I am a 60-year-old gay man, living with HIV for 40 years. I became involved in HIV research as a volunteer for the first AZT trials in 1988, and have been involved in HIV cure research for the past 15 years. I am currently the community engagement coordinator for the RID HIV Collaboratory for HIV cure research.

When did you participate in an ATI trial?

My trial was in 2010–2011 for the BioNor vaccine, which has been lost to oblivion. The ATI type was time to loss of virologic control.

What was it like for you to participate in an HIV cure-related clinical trial?

I was excited to participate in a cure trial, as there were very few at that time. The ATI was during flu season, and so of course I got the seasonal flu shortly after starting the ATI. My viral load spiked, and I had to go back on treatment. Oddly, after resuming my previous regimen, I kept blipping [spiking] despite no demonstrated drug resistance, so I ended up having to add maraviroc to keep my HIV undetectable. I knew resistance was a possibility, but was surprised to see it happen in me.

What do you wish had happened before the ATI?

I wish they had timed the study to avoid the seasonal flu or ensure the flu shot would not interfere with study participation, which I believe is now recommended in ATI protocols.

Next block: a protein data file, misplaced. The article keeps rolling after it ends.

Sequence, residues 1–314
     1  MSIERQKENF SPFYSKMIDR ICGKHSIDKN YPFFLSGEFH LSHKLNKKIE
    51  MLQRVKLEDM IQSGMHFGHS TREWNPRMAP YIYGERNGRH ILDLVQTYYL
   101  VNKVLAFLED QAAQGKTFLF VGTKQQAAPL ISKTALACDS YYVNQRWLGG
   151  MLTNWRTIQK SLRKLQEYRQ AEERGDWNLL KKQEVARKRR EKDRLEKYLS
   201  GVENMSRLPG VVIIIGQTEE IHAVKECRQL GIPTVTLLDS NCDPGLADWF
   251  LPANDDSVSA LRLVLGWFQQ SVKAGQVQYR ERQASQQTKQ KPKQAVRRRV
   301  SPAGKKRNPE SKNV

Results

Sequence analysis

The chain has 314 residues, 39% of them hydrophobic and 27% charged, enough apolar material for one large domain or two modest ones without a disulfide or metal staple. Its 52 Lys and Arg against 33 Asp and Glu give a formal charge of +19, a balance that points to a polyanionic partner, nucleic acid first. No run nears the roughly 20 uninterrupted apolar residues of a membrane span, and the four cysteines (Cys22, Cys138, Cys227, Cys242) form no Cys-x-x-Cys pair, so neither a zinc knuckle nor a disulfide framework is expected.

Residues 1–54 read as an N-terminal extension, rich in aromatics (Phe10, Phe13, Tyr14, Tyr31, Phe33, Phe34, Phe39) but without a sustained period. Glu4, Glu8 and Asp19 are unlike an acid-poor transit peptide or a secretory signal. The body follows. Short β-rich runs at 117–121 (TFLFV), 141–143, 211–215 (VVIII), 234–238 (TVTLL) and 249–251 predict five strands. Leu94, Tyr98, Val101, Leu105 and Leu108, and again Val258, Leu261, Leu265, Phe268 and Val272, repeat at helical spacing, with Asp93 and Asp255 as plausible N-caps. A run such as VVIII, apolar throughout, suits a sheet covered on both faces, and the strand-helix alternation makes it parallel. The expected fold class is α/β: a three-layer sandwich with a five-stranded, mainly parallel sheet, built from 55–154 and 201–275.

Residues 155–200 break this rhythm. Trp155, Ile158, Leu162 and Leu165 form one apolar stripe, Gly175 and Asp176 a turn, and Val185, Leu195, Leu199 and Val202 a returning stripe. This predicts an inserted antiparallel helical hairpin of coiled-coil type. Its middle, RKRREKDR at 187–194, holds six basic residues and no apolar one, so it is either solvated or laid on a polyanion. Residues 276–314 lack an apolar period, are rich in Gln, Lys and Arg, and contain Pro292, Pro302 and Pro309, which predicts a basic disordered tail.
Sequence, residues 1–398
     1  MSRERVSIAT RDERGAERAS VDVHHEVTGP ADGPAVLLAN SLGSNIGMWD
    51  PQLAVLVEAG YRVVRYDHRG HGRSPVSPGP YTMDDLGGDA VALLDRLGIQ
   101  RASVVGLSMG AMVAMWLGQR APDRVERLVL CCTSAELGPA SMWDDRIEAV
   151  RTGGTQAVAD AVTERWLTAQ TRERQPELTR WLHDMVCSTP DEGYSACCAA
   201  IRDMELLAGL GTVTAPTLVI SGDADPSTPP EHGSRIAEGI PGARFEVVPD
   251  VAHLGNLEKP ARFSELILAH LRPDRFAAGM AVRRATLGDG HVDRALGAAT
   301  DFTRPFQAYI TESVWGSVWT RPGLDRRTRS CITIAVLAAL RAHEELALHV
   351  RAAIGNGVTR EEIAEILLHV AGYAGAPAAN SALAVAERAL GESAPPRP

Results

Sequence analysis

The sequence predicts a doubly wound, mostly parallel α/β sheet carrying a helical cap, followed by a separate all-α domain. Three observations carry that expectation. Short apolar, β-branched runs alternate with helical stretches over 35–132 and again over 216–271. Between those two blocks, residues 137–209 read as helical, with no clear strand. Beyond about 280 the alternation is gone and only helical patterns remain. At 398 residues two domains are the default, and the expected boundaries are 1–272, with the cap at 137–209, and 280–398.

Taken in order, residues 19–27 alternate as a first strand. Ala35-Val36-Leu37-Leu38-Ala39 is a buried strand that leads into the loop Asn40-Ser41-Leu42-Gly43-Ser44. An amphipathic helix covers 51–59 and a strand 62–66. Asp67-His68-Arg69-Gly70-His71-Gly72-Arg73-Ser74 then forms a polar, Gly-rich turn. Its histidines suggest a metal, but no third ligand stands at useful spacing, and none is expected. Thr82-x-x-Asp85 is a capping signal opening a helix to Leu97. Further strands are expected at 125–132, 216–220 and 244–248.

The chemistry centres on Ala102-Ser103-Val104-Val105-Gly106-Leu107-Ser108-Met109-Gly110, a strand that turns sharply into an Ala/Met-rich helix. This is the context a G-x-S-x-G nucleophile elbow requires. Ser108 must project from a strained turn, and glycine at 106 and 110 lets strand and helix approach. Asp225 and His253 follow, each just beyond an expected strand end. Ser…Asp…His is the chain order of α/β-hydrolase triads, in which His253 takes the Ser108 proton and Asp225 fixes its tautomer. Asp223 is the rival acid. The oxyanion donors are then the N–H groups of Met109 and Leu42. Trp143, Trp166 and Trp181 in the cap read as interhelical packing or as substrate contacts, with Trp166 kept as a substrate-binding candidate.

What happened during the ATI?

This was before U=U [Undetectable equals untransmittable, the evidence-based principle that having an undetectable viral load as a result of consistent antiretroviral treatment renders the person living with HIV unable to pass the virus on through sex], so I was prepared to use condoms with any HIV-negative partners and disclose my ATI to any HIV-positive partners. Because I came down with the flu almost immediately after starting the ATI, this was never an issue.

What do you wish had happened afterward?

Resistance testing should be provided by the study, though in my case the tests my regular doctor conducted showed no resistance that could account for my blipping.

What is your call to action or change?

Study designs should consider other circulating endemic viruses like new COVID variants and/or seasonal flu and how they can impact viral load during ATIs. Stopping criteria may need to be amended to account for these, provided viral load is re-suppressed quickly without significant CD4 decreases. Otherwise, we could lose patients and data, and/or interventions could appear to be less efficacious than they are.

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